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Journal of Education and Training Studies, v1 n2 p50-60 Oct 2013

This paper highlights the current findings and issues regarding the role of computer-adaptive testing in test anxiety. The computer-adaptive test (CAT) proposed by one of the Common Core consortia brings these issues to the forefront. Research has long indicated that test anxiety impairs student performance. More recent research indicates that taking a test in a CAT format can affect the ability estimates of students with test anxiety. Inaccurate measures of ability are disconcerting because of the threat they pose to the validity of test score interpretation. This paper raises concerns regarding how the implementation of a computer-adaptive test for a large-scale common core assessment system could differentially affect students with test anxiety. Issues of fairness and score comparability are raised, and the implications of these issues are discussed.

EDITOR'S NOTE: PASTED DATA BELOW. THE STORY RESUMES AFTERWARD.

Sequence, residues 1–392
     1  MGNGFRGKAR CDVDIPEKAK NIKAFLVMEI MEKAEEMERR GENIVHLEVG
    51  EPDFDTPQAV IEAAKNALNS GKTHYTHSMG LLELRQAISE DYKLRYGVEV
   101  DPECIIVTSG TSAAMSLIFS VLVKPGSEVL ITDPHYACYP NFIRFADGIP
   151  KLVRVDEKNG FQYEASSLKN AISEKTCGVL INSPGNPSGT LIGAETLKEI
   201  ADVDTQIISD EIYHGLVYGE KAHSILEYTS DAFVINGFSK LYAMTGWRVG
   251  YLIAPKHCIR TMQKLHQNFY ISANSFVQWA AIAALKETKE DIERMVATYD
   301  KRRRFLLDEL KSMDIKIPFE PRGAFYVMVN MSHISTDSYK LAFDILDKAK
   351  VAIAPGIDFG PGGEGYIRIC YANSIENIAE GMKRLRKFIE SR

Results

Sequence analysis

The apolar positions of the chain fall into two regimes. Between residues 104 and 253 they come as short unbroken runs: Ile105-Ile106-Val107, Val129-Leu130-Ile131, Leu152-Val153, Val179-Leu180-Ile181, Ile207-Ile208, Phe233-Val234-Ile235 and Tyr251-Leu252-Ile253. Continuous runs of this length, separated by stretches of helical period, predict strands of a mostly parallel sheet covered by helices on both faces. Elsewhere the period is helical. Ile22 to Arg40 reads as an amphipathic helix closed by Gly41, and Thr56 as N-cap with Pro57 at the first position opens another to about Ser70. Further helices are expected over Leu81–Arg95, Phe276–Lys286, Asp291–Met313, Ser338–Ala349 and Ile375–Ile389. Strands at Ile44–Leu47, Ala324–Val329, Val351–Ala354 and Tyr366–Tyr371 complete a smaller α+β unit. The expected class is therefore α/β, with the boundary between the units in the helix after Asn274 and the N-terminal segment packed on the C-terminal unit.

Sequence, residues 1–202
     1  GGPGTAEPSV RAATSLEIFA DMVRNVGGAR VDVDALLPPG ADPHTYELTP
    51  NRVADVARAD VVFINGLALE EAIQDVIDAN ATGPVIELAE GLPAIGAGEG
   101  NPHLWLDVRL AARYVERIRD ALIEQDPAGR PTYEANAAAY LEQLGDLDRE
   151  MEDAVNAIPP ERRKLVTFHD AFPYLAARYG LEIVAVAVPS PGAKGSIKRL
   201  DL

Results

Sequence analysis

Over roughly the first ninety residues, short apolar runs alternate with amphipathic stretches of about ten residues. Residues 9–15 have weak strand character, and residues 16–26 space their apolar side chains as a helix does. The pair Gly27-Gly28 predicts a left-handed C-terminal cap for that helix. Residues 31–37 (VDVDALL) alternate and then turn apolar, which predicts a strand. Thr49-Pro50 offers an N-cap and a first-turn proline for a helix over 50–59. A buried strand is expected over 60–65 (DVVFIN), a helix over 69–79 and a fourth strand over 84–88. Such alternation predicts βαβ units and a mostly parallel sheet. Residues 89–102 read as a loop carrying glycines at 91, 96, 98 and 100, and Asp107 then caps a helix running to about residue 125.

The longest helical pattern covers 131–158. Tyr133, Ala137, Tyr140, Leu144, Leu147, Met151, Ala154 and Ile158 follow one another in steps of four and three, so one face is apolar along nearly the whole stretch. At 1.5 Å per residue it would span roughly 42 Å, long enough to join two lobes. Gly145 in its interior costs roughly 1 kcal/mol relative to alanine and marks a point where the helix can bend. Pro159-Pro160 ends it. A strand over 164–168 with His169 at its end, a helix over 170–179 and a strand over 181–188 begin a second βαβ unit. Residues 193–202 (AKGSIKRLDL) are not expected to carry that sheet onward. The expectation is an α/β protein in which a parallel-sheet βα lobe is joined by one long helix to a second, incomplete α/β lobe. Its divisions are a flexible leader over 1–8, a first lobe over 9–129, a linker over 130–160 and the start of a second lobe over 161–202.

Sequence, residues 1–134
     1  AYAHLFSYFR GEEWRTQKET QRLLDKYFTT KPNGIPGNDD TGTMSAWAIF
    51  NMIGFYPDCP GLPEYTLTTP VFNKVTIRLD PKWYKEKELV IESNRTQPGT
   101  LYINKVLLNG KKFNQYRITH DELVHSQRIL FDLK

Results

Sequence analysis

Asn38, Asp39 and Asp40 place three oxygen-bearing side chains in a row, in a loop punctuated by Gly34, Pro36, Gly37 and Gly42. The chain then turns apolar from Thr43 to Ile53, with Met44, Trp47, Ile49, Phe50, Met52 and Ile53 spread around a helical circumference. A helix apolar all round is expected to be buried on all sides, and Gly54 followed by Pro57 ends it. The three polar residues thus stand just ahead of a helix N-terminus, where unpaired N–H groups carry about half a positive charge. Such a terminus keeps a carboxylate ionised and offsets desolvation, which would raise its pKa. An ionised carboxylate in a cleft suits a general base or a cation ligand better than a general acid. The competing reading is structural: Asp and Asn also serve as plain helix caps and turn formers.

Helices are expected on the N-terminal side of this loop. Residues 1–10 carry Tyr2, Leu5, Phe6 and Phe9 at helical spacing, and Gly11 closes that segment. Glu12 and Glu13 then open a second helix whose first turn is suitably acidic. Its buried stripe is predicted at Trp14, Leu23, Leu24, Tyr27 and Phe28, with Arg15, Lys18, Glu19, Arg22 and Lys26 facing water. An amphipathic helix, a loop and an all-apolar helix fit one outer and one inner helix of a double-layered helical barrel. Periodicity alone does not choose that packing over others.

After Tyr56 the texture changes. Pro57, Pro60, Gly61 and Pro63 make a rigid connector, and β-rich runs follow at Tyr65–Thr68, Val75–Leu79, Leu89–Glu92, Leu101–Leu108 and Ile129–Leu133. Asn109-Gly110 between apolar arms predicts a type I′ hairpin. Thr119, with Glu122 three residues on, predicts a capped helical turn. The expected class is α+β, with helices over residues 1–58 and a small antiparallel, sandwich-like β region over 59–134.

Descriptors: Test Anxiety, Computer Assisted Testing, Evaluation Methods, Standardized Tests, Test Bias, Educational Technology, Test Items, Difficulty Level, Student Evaluation, Ability Identification, Elementary Secondary Education, Effect Size, Scores, Socioeconomic Status, High Stakes Tests, Summative Evaluation

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Author: Colwell, Nicole Makas

Source: https://eric.ed.gov/?q=a&ft=on&ff1=dtySince_1992&pg=882&id=EJ1054865







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